With the UK’s FCA having released its final guidance on Consumer Duty proposals, firms have been given new requirements they must meet.
The Consumer Duty enforces controls that ensure firms provide good outcomes for customers. This includes giving customers communications they understand, products and services that meet their needs and offer fair value, and support when needed.
Other changes include making it easier to switch or cancel products and remove rip-off charges. Firms have 12 months to implement the new rules for both existing and new products.
The regulator also recently issued a letter to over 3,500 lenders to encourage them to help their vulnerable customers and those who could struggle in the coming months. It states that firms should understand each customer’s individual circumstance and offer additional support where needed. Any firm that fails this will be expected to improve customer treatment.
Aveni’s report states that the FCA is moving to a ‘show me, don’t tell me’ approach, with a data-first evidentiary control model, rather than a person-centric oversight. As a result, Aveni has warned firms will need to provide actual data to the FCA on what they are doing to protect customers. This will put an increased pressure on the quality of data provided, with more regular MI and metrics being used.
It said, “To meet the consumer duty of care guidelines, firms will need to identify and implement the right technologies to monitor and analyse a range of different data points. This will include every customer interaction and outcome, with a higher number of risk points that will be regularly far more stringently than previously. Agent performance will also be a key factor to monitor, ensuring that customers receive consistently good customer service from their providers.”
How to prepare for the change
It stated that AI platforms, like Aveni Detect, are ‘game changers’ when protecting customers and having the data and MI to prove your compliance with the FCA’s consumer duty of care.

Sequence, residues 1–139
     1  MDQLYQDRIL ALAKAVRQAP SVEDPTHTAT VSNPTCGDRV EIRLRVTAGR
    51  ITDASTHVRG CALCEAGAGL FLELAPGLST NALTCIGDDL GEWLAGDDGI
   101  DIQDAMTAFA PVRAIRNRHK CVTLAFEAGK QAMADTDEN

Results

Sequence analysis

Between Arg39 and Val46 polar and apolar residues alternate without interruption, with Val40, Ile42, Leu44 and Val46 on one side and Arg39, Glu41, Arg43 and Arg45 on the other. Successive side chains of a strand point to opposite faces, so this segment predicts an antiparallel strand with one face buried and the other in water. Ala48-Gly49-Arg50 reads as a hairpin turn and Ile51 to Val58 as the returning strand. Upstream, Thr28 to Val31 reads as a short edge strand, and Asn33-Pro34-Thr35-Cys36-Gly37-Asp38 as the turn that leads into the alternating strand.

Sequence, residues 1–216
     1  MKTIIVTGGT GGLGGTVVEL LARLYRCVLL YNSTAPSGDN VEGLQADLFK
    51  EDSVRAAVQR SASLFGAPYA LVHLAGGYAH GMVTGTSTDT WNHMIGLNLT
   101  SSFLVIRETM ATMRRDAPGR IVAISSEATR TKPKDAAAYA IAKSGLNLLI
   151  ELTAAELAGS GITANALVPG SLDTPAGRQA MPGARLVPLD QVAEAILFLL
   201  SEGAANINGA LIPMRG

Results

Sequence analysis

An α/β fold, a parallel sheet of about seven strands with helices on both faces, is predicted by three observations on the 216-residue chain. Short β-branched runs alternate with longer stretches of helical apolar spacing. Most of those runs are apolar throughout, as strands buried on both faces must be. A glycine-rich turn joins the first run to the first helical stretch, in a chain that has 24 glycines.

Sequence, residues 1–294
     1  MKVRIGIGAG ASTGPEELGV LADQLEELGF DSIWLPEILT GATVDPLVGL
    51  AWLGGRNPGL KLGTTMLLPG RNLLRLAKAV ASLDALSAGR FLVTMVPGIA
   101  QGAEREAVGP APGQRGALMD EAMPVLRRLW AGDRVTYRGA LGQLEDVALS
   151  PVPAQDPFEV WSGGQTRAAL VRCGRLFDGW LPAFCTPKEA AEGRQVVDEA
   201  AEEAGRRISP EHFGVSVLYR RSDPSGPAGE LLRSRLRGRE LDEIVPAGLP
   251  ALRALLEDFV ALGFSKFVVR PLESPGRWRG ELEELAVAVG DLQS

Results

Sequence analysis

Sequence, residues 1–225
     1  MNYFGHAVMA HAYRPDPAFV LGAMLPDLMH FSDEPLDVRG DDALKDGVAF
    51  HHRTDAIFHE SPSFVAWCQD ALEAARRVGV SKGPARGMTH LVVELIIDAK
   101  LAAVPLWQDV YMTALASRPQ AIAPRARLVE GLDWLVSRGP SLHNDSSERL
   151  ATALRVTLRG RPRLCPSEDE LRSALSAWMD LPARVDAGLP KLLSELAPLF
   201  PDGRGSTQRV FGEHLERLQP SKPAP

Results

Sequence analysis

In its new report, Aveni claims the changes made through the Consumer Duty claims firms that rely on the traditional three lines of defence model will not be covered.
It stated that firms currently complete a host of governance, including the segregation of duties, marketing communication committees, training programmes, client committees and product governance. However, it claims just 35% of consumers trust their financial services providers to act in their interests.
Furthermore, with traditional frameworks, processes and data systems, firms will need a sizable QA team to monitor conversations and handle Consumer Duty procedures. The only way to efficiently monitor discussions is through technology that can capture, analyse, understand and action data from interactions.
How Aveni offers a ‘machine line of defence’
Aveni recently released the Detect platform to help meet the Consumer Duty changes. The platform leverages natural language processing to monitor every customer interaction and produces data-led evidence of compliance.
The Aveni Detect platform boasts a ‘machine line of defence,’ which captures every customer interaction and analyses it to provide vital feedback to three other lines of defence to ensure regulatory compliance.
Within the first line of defence, the platform captures and analyses all customer feedback, flags and assesses any expressions of dissatisfaction or vulnerability, and provides feedback on products and services.
As for the second line of defence, Detect provides machine assessment for every single customer interaction, regardless of size. It automatically triages high-priority cases that require human interaction and can identify themes and trends to fuel actionable insights within the business.
For the third line of defence, the Detect platform offers greater transparency and improved understanding of customer interactions. It has data-driven thematic reviews with clear breakdowns of topics, themes and insights.
Read the full post here.
The RegTech company has done a lot of work with the Consumer Duty and recently revealed the five areas firms will need to improve to be compliant.
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